Kessel Run’s Slapshot saves lives
Kessel Run helps evacuate tens of thousands in historical emergency airlift
BOSTON (28 September 2021) – Kessel Run’s Slapshot application was recently used in what is being said is the largest non-combatant evacuation in history by U.S. and coalition forces, with a total of 122,300 people airlifted from Kabul, Afghanistan.
The operation went from the end of July to Aug. 30, according to State Department estimates. Due to increasing threats by the Taliban and increased pressure to pull-out all military forces in the area; the Department of Defense’s priority was to get American citizens, Afghans with special immigrant visa applications, and other vulnerable Afghans out of the country. Military aircraft, mainly C-17 Globemaster IIIs, were leaving every 45 minutes from the Hamid Karzai International Airport.
When U.S. Air Forces Central and the Department of Defense expressed this dire situation to Kessel Run; they were ready to answer the call.
“AFCENT Airmen, alongside AMC, coalition, and joint partners, applied incredibly innovative solutions to complex problem-sets in order to airlift tens of thousands of Americans and U.S. personnel, allies and partners and Afghans at special risk from Kabul, up to and including the joint tactical exfiltration of ground troops,” said Lt. Gen. Greg Guillot, Ninth Air Force (AFCENT) commander. “Kessel Run’s programmers more than kept pace, rapidly iterating critical applications like Slapshot in order to meet the evolving needs of leaders, planners, and operators across the world in real-time.”
Slapshot, a mission and air-combat sortie flow organizer, was designed by software engineers at Kessel Run, officially known as Air Force Life Cycle Management Center Detachment 12. The software was developed as a replacement to enter or pull data and perform quality checks that were normally manually performed by weapon system operators, or even pilots themselves in the field. This information is compiled to develop the Master Air Attack Plan, and visualizes the pairing of air combat missions with a respective air tasking order (ATO).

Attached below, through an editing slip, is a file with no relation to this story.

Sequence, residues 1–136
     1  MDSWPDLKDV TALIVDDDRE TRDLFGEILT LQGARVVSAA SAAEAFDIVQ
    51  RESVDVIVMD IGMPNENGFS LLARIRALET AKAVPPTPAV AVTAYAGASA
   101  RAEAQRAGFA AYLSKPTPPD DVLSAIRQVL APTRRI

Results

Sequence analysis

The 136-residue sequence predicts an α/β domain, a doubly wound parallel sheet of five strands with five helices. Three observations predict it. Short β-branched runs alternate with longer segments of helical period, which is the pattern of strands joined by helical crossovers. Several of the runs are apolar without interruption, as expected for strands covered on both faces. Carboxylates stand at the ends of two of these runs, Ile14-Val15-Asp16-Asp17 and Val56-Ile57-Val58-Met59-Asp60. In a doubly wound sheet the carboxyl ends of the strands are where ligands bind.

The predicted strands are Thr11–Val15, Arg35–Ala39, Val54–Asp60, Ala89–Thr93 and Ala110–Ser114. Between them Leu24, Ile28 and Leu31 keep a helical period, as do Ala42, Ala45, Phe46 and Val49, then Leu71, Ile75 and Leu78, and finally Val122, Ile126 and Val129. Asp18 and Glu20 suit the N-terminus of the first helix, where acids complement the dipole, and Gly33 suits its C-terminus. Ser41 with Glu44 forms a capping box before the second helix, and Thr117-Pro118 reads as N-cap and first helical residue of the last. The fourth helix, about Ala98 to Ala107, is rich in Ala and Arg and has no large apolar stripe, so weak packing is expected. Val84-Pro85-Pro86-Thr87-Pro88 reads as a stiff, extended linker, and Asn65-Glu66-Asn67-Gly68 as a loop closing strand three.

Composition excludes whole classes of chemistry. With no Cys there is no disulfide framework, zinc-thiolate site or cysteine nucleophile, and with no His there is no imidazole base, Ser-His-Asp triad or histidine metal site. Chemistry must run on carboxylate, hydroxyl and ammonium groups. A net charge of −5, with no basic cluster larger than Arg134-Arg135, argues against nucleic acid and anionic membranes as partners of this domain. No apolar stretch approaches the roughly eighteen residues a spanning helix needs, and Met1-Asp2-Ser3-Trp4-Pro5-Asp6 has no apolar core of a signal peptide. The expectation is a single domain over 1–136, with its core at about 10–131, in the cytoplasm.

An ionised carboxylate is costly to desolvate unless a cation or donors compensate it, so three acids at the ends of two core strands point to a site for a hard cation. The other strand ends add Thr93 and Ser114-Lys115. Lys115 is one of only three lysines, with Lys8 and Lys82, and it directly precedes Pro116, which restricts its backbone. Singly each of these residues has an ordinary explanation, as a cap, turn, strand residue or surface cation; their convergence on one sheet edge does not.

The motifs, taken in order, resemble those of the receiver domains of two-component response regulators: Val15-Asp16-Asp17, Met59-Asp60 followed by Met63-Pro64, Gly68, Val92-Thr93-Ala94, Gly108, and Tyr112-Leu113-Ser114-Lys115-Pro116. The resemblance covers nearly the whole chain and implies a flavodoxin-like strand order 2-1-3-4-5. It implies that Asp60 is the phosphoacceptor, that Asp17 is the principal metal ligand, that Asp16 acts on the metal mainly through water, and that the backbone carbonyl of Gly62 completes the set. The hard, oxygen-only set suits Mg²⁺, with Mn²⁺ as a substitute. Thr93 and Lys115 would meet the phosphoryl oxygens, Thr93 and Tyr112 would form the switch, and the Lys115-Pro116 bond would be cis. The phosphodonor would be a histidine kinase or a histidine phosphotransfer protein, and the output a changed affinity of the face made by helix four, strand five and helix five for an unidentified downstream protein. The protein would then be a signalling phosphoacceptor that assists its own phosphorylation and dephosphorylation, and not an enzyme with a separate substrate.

In regards to what it takes just to get aircraft safely off the ground and into crowded airspace, that’s no simple task. Before Slapshot, operators or pilots used excel documents or visualizations similar to a gantt chart. Today, the application features tasks in real-time, individual tasks that support the commander's intent, and then assets carrying out each task.
“During the evacuation in Afghanistan, it’s been mostly used as a very, very effective tool for situational awareness,” said Gabriel Stines, a software engineer with Kessel Run that works on Slapshot.
Stines added that it was used around the clock in operations, as well as to brief different American and coalition commanders, air traffic controllers and even the Secretary of Defense and President of the United States.
“We’ve seen truly record use of Slapshot,” said Stines. “Up until (the beginning of the evacuation), we hadn’t had this many people use the platform.”
Naturally, when software is used at this scale, there are bound to be bugs or difficulty with scaling its capabilities. Stines said that due to how Slapshot was built and having liaison officers to relay life saving information on the ground in Afghanistan, software engineers here back home at Kessel Run were able to field and fix issues in real-time.